You won the coveted African Community Award of the Year at the African Utility Week Industry Awards last year. What did this award mean to you and for the project?
The mission of ACWA Power through projects like Bokpoort and others to follow is not just about solar development, it’s about a long-term commitment to the community.
Bokpoort has set a new standard in community involvement and contribution and therefore winning the African Community Project of the Year award not only recognises our dedication towards dealing with socio-economic issues in the areas we invest in, but also encourages us to do more.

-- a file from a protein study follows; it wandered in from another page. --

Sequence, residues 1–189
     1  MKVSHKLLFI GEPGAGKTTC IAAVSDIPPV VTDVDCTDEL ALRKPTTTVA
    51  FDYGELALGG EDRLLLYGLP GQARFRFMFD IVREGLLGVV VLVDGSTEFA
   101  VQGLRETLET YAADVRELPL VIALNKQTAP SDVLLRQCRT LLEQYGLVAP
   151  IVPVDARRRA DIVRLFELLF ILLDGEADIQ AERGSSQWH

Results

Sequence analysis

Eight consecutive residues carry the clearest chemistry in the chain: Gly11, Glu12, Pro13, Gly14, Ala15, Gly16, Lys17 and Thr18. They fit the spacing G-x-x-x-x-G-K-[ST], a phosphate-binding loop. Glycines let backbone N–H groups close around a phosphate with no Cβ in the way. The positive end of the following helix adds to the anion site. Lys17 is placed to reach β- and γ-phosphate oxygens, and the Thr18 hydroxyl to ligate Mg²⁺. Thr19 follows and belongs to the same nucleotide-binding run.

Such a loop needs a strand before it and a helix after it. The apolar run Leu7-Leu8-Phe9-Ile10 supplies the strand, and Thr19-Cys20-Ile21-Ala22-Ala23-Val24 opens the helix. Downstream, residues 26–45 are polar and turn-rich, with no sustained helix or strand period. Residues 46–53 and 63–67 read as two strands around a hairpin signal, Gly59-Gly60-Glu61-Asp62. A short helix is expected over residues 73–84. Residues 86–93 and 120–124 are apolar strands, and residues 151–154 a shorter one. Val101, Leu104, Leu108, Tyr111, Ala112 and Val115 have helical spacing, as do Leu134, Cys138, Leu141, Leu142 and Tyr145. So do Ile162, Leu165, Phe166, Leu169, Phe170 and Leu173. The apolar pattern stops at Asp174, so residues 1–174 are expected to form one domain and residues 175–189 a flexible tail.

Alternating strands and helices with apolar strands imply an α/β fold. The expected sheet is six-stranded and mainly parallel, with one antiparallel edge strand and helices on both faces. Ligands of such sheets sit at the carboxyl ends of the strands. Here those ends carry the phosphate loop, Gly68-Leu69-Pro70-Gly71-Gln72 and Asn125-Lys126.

Anything you would like to add?
The Northern Cape is blessed with an abundant solar resource and our country has a hunger for renewable energy and solar technology options have high localization potential. The cost per kWh will only get cheaper and cheaper as we continue developing projects like Bokpoort in the area.
This will bring increased knowledge and competency in the industry and more importantly, jobs. The Bokpoort Project has spent over R1.6billion in local content through the project alone. This, with the focus on high local employment, has transformed the economy of the area.